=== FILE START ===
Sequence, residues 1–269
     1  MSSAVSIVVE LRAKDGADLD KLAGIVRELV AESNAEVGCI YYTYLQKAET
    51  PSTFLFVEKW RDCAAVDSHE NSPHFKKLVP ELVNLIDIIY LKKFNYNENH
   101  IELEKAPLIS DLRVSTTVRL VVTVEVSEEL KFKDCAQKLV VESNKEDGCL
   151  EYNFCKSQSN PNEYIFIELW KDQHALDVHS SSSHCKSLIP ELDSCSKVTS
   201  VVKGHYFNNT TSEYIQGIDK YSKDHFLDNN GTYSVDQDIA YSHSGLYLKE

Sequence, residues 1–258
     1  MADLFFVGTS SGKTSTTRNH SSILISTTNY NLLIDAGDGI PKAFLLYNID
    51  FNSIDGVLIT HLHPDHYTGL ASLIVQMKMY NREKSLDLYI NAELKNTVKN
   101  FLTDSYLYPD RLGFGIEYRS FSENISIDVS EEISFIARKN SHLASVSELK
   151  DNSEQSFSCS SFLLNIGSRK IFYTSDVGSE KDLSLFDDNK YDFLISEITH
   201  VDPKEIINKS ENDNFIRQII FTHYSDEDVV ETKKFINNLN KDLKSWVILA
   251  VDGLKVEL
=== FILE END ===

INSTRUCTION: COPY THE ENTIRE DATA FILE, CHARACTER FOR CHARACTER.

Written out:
Sequence, residues 1–269
     1  MSSAVSIVVE LRAKDGADLD KLAGIVRELV AESNAEVGCI YYTYLQKAET
    51  PSTFLFVEKW RDCAAVDSHE NSPHFKKLVP ELVNLIDIIY LKKFNYNENH
   101  IELEKAPLIS DLRVSTTVRL VVTVEVSEEL KFKDCAQKLV VESNKEDGCL
   151  EYNFCKSQSN PNEYIFIELW KDQHALDVHS SSSHCKSLIP ELDSCSKVTS
   201  VVKGHYFNNT TSEYIQGIDK YSKDHFLDNN GTYSVDQDIA YSHSGLYLKE

Sequence, residues 1–258
     1  MADLFFVGTS SGKTSTTRNH SSILISTTNY NLLIDAGDGI PKAFLLYNID
    51  FNSIDGVLIT HLHPDHYTGL ASLIVQMKMY NREKSLDLYI NAELKNTVKN
   101  FLTDSYLYPD RLGFGIEYRS FSENISIDVS EEISFIARKN SHLASVSELK
   151  DNSEQSFSCS SFLLNIGSRK IFYTSDVGSE KDLSLFDDNK YDFLISEITH
   201  VDPKEIINKS ENDNFIRQII FTHYSDEDVV ETKKFINNLN KDLKSWVILA
   251  VDGLKVEL